By reza_rahman on Jul 28, 2013
OSCON 2013 was held from July 22 to July 26 in Portland, Oregon. I presented the Java EE 7 hands-on lab there as well as a session on WebSocket/JSR 356. This was my first time to the revered conference.
My impression of OSCON had always been that it is a conference for everything open source mostly sans Java and very much sans anything JCP. As a Java and standards/JCP guy, it's the reason I had always focused on more Java heavy events like JavaOne and TheServerSide Symposium in my former life as an independent. This seemed to be despite the fact that Java remains the most popular language certainly by jobs and most programming language indexes, Java is the most active open source platform in the world and O'Reilly itself tends to make the most money out of Java books.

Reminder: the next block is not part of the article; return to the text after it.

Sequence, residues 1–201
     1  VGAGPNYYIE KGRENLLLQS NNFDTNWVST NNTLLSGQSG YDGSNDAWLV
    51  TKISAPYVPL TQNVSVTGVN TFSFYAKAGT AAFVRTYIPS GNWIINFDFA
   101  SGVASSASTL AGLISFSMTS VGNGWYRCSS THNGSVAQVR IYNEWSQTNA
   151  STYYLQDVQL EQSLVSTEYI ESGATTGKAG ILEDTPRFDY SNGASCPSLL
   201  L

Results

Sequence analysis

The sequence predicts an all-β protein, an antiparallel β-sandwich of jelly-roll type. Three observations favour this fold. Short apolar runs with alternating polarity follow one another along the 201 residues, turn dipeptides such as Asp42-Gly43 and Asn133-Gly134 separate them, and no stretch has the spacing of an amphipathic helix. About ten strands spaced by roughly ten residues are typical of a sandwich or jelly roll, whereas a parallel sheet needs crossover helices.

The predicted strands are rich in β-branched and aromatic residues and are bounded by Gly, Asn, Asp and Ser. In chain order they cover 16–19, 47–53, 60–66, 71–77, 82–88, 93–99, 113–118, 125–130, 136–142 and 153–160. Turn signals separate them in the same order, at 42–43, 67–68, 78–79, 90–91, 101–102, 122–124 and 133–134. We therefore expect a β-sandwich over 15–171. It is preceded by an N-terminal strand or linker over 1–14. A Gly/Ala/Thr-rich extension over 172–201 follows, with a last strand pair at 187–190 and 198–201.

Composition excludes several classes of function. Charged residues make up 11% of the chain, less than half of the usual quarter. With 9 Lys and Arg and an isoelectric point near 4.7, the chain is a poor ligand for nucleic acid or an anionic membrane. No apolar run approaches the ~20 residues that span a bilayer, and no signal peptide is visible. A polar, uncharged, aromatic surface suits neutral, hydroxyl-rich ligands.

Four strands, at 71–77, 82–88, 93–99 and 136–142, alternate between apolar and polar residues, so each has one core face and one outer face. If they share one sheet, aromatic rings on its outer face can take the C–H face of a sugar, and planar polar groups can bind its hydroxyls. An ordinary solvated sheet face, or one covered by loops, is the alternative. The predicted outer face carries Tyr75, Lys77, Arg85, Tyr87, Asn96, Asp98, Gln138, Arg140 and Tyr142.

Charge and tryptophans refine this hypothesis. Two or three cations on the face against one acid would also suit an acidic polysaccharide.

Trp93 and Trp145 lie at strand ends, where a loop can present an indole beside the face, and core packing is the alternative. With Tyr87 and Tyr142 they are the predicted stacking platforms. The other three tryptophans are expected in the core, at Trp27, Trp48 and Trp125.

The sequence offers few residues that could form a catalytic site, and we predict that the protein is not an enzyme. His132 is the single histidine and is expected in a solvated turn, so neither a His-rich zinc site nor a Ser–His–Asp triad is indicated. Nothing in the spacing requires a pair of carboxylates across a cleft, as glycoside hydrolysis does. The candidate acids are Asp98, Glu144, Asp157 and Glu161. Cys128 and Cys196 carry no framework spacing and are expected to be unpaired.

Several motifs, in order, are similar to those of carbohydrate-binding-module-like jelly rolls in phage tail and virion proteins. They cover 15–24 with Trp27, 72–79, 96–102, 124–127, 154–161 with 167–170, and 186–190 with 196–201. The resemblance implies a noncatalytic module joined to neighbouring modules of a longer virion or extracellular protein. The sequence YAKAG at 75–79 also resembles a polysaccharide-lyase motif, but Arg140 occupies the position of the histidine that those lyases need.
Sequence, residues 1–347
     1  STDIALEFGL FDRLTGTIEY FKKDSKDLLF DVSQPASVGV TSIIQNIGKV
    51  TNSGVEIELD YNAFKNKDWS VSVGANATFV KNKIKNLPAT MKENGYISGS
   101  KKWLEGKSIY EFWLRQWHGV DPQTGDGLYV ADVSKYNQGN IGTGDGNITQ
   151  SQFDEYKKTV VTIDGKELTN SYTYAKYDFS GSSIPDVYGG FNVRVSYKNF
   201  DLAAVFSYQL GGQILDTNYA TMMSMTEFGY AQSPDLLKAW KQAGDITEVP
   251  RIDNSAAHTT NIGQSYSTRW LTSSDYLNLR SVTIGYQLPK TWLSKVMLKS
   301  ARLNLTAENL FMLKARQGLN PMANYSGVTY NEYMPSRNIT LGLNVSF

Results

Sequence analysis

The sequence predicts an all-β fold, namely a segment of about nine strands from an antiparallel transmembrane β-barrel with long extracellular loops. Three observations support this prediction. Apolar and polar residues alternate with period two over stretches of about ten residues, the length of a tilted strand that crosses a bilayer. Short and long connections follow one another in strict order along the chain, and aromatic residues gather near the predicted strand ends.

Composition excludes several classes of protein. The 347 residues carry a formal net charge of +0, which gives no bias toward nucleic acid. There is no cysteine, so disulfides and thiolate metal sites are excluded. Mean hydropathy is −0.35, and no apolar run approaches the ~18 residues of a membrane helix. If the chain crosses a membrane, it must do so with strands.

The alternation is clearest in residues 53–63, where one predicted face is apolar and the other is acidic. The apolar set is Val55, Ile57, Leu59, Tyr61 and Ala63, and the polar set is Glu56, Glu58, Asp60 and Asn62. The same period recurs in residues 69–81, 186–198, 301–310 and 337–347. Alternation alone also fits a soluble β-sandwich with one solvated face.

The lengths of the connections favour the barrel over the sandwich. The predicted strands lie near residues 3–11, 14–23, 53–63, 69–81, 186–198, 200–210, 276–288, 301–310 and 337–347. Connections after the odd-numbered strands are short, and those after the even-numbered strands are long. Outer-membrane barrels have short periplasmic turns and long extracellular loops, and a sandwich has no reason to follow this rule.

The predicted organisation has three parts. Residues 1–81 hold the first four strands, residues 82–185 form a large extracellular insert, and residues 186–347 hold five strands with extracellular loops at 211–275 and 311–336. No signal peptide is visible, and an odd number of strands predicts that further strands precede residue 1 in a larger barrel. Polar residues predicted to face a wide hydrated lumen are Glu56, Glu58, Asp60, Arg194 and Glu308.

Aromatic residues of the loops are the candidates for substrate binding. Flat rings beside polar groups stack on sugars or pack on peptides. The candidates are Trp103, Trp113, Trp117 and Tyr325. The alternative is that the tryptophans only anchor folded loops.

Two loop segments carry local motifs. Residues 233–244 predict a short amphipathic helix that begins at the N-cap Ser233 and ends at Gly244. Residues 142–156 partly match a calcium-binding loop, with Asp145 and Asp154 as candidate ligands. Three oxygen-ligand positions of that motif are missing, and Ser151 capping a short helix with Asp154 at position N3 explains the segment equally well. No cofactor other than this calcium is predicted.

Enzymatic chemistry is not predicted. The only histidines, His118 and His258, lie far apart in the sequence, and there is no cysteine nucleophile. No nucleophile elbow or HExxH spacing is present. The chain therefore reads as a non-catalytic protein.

I was really hoping to say I was wrong all these years, but with the greatest regret I have to say I'm still not sure I was (though I think things are looking up). By my count there were about a dozen Java related sessions among about 450+ (that's about 2-3%). I didn't count Andriod since it's still up in the air whether Andriod is Java or not. I didn't count other JVM languages since their obvious point is that they are not Java. Since open standards and open source should be philosophical brothers-in-arms, this can't be a good thing. Open source is a key component in the Java EE ecosystem today, Java EE APIs like CDI and Bean Validation are led by companies that base themselves entirely on open source and even "evil corporations" (well, at least in some people's minds) like Oracle have technologies like JSF/Mojorra, JPA/EclipseLink, JAX-RS/Jersey, WebSocket/Tyrus, not to mention GlassFish and NetBeans that are deeply rooted in both open standards as well as open source.